Oy May! Taking stock 70 years after World War II
January 1, 1970
This week countries around the world are celebrating 70 year anniversary of the end of World War II. On May 4, 1945, Denmark was liberated from the Nazi occupation. On May 3, 2015, General Chancellor Angela Merkel joined survivors and liberators of the Dachau concentration camp to mark the end of the War and to remind people not to forget “for the sake of the victims, for our sake and for the sake of future generation” the suffering that could subject other human beings for radical or rational reasons. On May 9, having suffered terrible losses during that war, the Russian Federation will celebrate the 70th anniversary with a Victory Day parade in Moscow anda roudn the nation, showcasing the current military might, military bands and and reunions of the veterans and survivors, with leaders of 26 countries planning to attend but none from Poland, the United States, France, the United Kingdom, Ukraine, Latvia, Estonia, Norway, Germany, or Belarus. Former allies of the Soviet Union in defeating the Nazis are boycotting the event because the troubles of the present are overshadowing the importance of the history.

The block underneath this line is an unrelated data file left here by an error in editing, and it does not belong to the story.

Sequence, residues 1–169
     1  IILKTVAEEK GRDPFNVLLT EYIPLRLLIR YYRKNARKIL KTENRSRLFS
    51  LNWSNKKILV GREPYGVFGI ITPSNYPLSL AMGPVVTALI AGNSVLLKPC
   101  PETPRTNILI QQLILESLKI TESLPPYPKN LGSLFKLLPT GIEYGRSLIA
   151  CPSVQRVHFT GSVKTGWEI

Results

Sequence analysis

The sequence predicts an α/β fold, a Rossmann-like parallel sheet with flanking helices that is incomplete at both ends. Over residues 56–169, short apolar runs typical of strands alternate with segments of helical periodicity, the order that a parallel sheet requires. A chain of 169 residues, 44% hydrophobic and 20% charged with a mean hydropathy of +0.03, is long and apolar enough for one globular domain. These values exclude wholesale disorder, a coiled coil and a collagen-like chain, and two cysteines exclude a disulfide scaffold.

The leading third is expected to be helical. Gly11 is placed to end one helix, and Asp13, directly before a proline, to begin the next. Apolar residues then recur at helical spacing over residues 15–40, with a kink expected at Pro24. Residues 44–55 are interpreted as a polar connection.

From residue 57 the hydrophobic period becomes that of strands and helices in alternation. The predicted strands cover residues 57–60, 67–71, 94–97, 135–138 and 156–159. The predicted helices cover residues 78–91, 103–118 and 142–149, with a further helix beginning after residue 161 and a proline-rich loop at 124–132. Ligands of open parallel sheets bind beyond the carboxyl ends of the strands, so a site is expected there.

Property disputes and losses occur side by side with loss of human life and political disputes. Following the secret intervention of the Russian military forces onto the territory of Ukraine and the annexation of Crimea by the Russian Federation, military actions have coincided with, while understandably overshadowing, legal actions involving cultural property.
As the editors of the 2013 “Selling Russia’s Treasures: The Soviet Trade in Nationalized Art, 1917-1938” correctly note on the irreversible nature of the human losses, “[i]f the millions who have died in the years of repression could be returned to live, one might not so grieve the lost canvases. Alas, the dead cannot be brought back.” 70 years after the Nazi Germany and the Axis were defeated,